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Walking and Talking:
Things to Come in 2020

February 29th, 2020

“If you’re going to talk the talk, you need to walk the walk.” You know the expression. It’s all about the importance of doing, as in Death of a Salesman, where all-talk Willy Loman is amazed to learn that all-walk Bernard is going to argue a case before the supreme court.

“The Supreme Court!” Willy says. “And he didn’t even mention it!”

To which Bernard’s father replies, “He don’t have to – he’s gonna do it!”

Don Keefer reprising his Broadway role as Bernard in the 1951 film version of Death of A Salesman, with Fredric March as Willy Loman. IMDB.com

I find it helpful to remember that exchange when I fall behind on this blog. “I’m busy walking the walk,” I tell myself, even though there are folks out there who manage both.

A few years back, I did a blog post on “The Writer & Social Media,” in which I quoted Robert J. Sawyer (one of the first sf writers to have a blog) on the current state of author websites. “Almost all author webpages are appallingly hard to read, not updated, and lacking in current content,” Sawyer said. Now, to be fair, those qualities likely results from writers being busy writing stuff that pays. Nevertheless, to avoid being one of those guys with an out-of-date webpage, I’d like to take a moment to share some news about what I’ve got cooking for 2020.

Here’s a quick preview:

First up, hot off the presses, is Issue 12 of Unnerving Magazine, the publication that a recent review in Amazing Stories called a “must-read” for fans of the horror genre. The current issue includes a feature titled “My First Horror” with Cat Rambo, Daniel Kraus, and Richard Chizmar; an interview with the prolific William Meikle; and a roster of fiction that includes my story “Circle of Lias.”

“Lias” first appeared in Tom Montelelone’s Borderlands 4 back in 1994, and though it received good notice, it has only been reprinted once (in my collection This Way to Egress) until now. “Lias” is one of my personal favorites, and I’m thrilled to have it back in print.

Next, coming to earbuds everywhere, the popular horror-story podcast The Wicked Library will soon be launching its tenth season with a roster of all-new creepy tales.

Founded by writer and vocal performer Nelson W. Pyles, The Wicked Library’s stated mission is “to provide a showcase where you can find the work of the best existing and up-and-coming voices working in the world of Speculative Fiction and Horror.” The episodes are performed by a talented team of voice actors and produced by Daniel Foytik of 9th Story Studios, with musical scores by resident composer Nico Vetesse.

Each installment is available for free at The Wicked Library website, where listeners have the opportunity to access additional content by signing on as a patreon member. It’s money well spent.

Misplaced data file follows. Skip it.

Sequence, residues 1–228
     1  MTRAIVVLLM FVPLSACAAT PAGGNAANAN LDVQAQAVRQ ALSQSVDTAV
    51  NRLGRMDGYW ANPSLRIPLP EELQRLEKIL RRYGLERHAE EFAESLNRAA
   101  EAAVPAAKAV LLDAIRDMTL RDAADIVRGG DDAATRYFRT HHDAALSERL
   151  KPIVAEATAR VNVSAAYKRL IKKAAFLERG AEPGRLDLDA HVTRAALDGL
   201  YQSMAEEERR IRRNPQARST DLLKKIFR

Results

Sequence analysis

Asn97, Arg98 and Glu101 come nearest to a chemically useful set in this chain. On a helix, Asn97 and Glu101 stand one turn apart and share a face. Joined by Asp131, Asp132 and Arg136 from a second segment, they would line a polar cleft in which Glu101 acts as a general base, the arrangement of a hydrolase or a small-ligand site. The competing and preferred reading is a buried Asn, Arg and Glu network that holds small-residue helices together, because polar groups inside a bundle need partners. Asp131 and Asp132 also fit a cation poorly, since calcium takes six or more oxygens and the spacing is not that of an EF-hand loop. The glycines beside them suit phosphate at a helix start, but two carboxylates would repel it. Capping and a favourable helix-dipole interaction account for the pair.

Season 10 of The Wicked Library launches in March, and among the stories will be my new novelette “The Other Kind,” for which I’ll also be doing the audio narration. But there’s no reason to wait until then to become a listener. Dive in now, and you’ll be hooked when “The Other Kind” lands in your podcast queue. I recommend starting with Season 9’s “Cinnamon to Taste,” by Christi Nogle. Featuring a strong performance by Sara Ruth Thomas; it was my introduction to the series, and I’ve been a regular listener ever since.

And coming up in the journal Dissections, I’ll have a new essay titled “Existential Threats” in the forthcoming issue, which is scheduled to coincide with this year’s installment of The International Conference of the Fantastic in the Arts to be held March 18-21 in Orlando, Florida. The essay presents what I trust is a timely consideration of two vintage short stories — Ray Bradbury’s “The Murderer” and Arthur C. Clarke’s “Dial F for Frankenstein.” Considered together, the stories present a dire warning for the world of 2020. I’ll share a link to the issue as soon as it’s available.

Also in the works is a U.S. edition of Nightmares. The Mexican release generated good notice when it made its debut at the SusteFest International Film Festival in Valle de Santiago last October. The new edition will contain the first U.S. publication of Mick Garris’s “Chocolate” (the story that became the basis for his Masters of Horror segment of the same name), the first English-language publication of a story by Sandra Becerril (one of Mexico’s bestselling horror writers), a gripping piece of psychological terror by Richard Christian Matheson, and the first-ever American reprint of one of my tales from This Way to Egress. We’re also working on including some special content that will be new to the American edition. I hope to have more to report on this one soon.